concrete under water (see here for the latter;
https://www.nature.com/news/seawater...-lasting-roman
-concrete-1.22231)

We know how to make waterwheels, Archimedean screws, Roman ballistas,
Greek fire, pulleys, etc.


But not to read a cassette recorded by a home computer of the 1980s (-:

Ed

--
J. P. Gilliver. UMRA: 1960/1985 MB++G()AL-IS-Ch++(p)[email protected]+H+Sh0!:`)DNAf

By the very definition of "news," we hear very little about the dominant
threats to our lives, and the most about the rarest, including terror.
"LibertyMcG" alias Brian P. McGlinchey, 2013-7-23
  #41  
Old May 17th 18, 07:26 AM posted to alt.windows7.general
Diesel
external usenet poster
 
Posts: 783
Default OT; old CDs and DVDs

pjp
Thu, 17
May 2018 02:22:02 GMT in alt.windows7.general, wrote:

In article [email protected]
327UTw9cy7BRF0x8KJtp88y7HZ.bV.JFNKkp5Ia5k7q54,
says...

"J. P. Gilliver (John)"
Tue, 15 May 2018 12:34:34 GMT in
alt.windows7.general, wrote:

Although I made sure it had lightscribe ability when I bought
the (external) drive, I've never actually had any such discs.


Hmm. All of my burners are lightscribe capable. I've used the
feature one time with one of them...While it was cool enough I
suppose, the time and funny smell from doing it wasn't worth it
in the long run to me. I'll just stick to a sharpie.


I made a little music cd of myself playing guitar. Lghtscribe was
nice for giving friends a copy as it made disk look very
professionally done. I think with the lables they're obviously a
label and therefore not so nice. I used software called SureThing
CD Labeler to do it. Worked fine but it's not free.

Burn music in uder 5 minutes, turn disk over and burn label/image
takes more like 20 min. but it comes out looking like you expect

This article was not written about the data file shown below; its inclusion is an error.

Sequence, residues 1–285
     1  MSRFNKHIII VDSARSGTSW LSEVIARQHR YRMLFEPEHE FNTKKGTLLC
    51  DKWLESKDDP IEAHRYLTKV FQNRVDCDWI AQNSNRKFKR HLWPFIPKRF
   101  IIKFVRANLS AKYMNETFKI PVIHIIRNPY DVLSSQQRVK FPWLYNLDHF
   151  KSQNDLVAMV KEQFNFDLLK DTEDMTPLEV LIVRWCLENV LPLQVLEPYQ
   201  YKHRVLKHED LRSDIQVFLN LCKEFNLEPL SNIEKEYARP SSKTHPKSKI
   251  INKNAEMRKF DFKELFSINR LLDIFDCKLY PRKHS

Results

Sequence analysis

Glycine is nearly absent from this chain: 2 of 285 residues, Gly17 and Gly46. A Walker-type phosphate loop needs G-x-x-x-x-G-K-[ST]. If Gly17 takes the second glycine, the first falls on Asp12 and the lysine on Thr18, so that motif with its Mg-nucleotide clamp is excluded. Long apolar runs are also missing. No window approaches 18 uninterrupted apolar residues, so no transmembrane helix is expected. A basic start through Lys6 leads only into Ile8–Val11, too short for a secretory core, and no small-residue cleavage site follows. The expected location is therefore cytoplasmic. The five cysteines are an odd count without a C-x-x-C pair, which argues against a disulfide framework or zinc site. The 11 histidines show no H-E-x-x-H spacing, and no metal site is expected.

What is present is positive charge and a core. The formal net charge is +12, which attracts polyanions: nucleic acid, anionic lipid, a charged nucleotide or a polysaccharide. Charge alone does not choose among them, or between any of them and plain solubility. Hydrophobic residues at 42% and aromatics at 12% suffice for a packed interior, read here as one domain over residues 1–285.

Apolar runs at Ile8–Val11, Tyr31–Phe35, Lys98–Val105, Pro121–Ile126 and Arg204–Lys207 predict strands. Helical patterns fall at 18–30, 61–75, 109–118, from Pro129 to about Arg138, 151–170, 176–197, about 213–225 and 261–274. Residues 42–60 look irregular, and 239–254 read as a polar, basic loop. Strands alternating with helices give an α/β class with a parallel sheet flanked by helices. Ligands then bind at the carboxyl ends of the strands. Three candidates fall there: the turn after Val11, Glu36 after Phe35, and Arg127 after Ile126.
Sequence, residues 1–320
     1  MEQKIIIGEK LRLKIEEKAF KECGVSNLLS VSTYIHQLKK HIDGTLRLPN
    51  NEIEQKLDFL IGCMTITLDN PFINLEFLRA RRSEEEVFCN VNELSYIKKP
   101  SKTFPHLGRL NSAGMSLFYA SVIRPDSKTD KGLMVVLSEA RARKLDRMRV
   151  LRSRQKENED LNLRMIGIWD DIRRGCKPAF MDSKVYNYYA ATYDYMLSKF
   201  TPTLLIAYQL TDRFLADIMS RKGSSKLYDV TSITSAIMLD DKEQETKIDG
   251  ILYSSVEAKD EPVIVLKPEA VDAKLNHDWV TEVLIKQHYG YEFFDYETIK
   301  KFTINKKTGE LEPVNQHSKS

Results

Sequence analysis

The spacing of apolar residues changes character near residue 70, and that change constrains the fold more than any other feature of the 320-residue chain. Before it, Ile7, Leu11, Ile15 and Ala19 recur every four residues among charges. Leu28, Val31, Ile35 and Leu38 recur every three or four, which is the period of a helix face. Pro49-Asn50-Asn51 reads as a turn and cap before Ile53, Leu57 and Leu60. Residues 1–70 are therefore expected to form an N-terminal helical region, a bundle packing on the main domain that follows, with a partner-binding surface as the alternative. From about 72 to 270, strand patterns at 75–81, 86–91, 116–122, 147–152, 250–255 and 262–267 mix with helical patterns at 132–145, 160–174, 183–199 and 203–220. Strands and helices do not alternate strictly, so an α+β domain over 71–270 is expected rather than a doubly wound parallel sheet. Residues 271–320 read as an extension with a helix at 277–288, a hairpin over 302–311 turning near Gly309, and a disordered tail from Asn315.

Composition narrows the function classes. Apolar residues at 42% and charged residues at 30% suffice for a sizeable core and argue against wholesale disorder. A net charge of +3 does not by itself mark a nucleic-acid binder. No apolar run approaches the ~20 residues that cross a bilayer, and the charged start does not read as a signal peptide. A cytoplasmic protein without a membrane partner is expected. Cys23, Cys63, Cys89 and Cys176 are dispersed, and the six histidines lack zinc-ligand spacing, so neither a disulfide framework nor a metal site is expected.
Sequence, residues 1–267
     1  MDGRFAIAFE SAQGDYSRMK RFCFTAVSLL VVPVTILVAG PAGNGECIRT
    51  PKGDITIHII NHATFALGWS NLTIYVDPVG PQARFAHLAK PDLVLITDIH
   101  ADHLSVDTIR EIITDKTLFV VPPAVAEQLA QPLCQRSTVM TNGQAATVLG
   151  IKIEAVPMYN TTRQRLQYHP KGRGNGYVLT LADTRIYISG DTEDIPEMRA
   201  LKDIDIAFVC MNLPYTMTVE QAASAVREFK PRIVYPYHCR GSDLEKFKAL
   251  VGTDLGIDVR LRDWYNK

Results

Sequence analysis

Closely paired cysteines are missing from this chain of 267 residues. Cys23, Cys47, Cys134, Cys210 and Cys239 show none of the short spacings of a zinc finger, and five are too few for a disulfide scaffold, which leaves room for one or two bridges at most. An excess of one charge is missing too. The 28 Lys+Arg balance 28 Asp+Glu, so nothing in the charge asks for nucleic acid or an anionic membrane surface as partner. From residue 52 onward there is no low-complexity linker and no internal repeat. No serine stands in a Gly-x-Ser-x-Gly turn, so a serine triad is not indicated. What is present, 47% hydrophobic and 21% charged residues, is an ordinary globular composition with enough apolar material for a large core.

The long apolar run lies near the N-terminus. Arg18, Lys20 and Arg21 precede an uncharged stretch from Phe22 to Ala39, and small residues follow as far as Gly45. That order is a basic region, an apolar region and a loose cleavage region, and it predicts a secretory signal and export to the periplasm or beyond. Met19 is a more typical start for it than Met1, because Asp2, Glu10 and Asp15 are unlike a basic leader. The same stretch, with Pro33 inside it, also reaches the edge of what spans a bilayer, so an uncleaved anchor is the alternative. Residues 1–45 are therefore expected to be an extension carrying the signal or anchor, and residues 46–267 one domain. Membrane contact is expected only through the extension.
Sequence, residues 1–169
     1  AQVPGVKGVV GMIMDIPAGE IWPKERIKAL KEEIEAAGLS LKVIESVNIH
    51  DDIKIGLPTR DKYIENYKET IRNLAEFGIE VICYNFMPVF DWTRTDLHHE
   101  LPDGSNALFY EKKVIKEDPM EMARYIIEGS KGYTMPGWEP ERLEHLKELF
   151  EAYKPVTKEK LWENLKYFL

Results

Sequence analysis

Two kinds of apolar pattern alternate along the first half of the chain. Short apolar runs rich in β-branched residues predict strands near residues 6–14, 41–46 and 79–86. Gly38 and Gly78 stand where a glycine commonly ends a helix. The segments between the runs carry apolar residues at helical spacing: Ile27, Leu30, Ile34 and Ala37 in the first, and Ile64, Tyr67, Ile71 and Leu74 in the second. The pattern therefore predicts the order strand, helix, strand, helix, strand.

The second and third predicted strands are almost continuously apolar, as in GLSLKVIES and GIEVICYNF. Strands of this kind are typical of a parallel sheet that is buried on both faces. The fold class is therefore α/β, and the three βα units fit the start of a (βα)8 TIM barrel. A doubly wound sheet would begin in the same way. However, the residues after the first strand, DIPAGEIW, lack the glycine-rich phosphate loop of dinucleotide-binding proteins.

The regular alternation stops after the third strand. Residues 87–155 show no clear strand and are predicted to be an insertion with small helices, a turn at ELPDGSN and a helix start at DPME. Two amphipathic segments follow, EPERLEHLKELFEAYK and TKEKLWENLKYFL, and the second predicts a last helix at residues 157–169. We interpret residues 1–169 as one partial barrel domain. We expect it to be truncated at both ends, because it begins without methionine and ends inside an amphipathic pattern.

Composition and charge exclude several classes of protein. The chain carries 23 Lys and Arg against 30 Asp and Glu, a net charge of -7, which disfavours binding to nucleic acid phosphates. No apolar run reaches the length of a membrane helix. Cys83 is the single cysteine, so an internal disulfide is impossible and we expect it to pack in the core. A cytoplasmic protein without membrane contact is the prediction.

and is more or less permanent.


I wasn't knocking lightscribe. It does result in more professional
looking work than using a printed label. If I were making discs I
intended to distribute, I'd likely go that route myself; so long as
the discs were of a small amount.

In my case, the majority of the discs I burn aren't intended for
distribution, so a Sharpie usually does the trick. It's quite
possible the Sharpie will fade over time, but that's generally okay
due to the contents becoming outdated long before then.


--
To prevent yourself from being a victim of cyber
stalking, it's highly recommended you visit he
https://tekrider.net/pages/david-brooks-stalker.php
================================================== =
"You might show me a little more respect" complained the coed as she
and her date were driving back from "Lover's Lookout".
"Yeah?" asked the smirking boy, "Like by doing what?"
"Well, for starters, not flying my panty hose from your radio
aerial."
  #43  
Old May 17th 18, 11:48 AM posted to alt.windows7.general
J. P. Gilliver (John)[_4_]
external usenet poster
 
Posts: 1,593
Default OT; old CDs and DVDs

In message , "J. P. Gilliver (John)"
writes:
In message , pjp
writes:

[]
nice. I used software called SureThing CD Labeler to do it. Worked fine
but it's not free.

Burn music in uder 5 minutes, turn disk over and burn label/image takes
more like 20 min. but it comes out looking like you expect and is more
or less permanent.


Still available, and still supports LightScribe; $20 to £35 (less 5¢).


The original free software is currently available from
https://lightscribesoftware.org/, along with other not-free software
(including 650 original templates, originally free now $9.95).
--
J. P. Gilliver. UMRA: 1960/1985 MB++G()AL-IS-Ch++(p)[email protected]+H+Sh0!:`)DNAf

Veni Vidi Visa [I came, I saw, I did a little shopping] - Mik from S+AS Limited
), 1998
  #44  
Old May 18th 18, 12:35 AM posted to alt.windows7.general
Ant[_2_]
external usenet poster
 
Posts: 422
Default OT; old CDs and DVDs

Diesel wrote:

I wasn't knocking lightscribe. It does result in more professional
looking work than using a printed label. If I were making discs I
intended to distribute, I'd likely go that route myself; so long as
the discs were of a small amount.


In my case, the majority of the discs I burn aren't intended for
distribution, so a Sharpie usually does the trick. It's quite
possible the Sharpie will fade over time, but that's generally okay
due to the contents becoming outdated long before then.


Same here. I'm cheap too!
--
Quote of the Week: "The fact that we can't easily foresee clues that
would betray an intelligence a million millennia farther down the road
suggests that we're like ants trying to discover humans. Ask yourself:
Would ants ever recognize houses, cars, or fire hydrants as the work of
advanced biology?" --Seth Shostak
Note: A fixed width font (Courier, Monospace, etc.) is required to see this signature correctly.